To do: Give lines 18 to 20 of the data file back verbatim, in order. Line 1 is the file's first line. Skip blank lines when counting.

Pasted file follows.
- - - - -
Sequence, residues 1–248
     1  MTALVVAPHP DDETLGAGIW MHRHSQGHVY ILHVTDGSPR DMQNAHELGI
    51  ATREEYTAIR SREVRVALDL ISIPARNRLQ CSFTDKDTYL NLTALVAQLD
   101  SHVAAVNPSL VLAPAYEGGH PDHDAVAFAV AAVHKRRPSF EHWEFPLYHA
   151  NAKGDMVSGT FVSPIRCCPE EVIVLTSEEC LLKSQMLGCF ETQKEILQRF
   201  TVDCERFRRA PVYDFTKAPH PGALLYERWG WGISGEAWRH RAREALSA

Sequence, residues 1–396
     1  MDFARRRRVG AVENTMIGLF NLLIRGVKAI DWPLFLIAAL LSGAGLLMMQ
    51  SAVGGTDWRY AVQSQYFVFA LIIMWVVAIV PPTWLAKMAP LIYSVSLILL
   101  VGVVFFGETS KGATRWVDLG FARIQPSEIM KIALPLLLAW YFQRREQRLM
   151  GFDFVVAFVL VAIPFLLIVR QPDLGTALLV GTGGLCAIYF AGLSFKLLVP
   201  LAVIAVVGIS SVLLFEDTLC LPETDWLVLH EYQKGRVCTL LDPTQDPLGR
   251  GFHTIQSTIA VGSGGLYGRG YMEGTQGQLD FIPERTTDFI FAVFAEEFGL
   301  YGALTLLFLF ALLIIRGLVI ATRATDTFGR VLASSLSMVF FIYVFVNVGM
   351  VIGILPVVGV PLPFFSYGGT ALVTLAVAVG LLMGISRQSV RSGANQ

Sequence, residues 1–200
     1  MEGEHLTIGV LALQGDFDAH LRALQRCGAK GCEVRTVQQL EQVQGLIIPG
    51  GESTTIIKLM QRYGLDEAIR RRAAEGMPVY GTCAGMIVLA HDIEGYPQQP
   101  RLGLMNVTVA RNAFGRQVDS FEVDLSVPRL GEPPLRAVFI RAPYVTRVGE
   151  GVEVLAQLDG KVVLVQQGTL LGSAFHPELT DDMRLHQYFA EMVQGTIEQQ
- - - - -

    51  GESTTIIKLM QRYGLDEAIR RRAAEGMPVY GTCAGMIVLA HDIEGYPQQP
   101  RLGLMNVTVA RNAFGRQVDS FEVDLSVPRL GEPPLRAVFI RAPYVTRVGE
   151  GVEVLAQLDG KVVLVQQGTL LGSAFHPELT DDMRLHQYFA EMVQGTIEQQ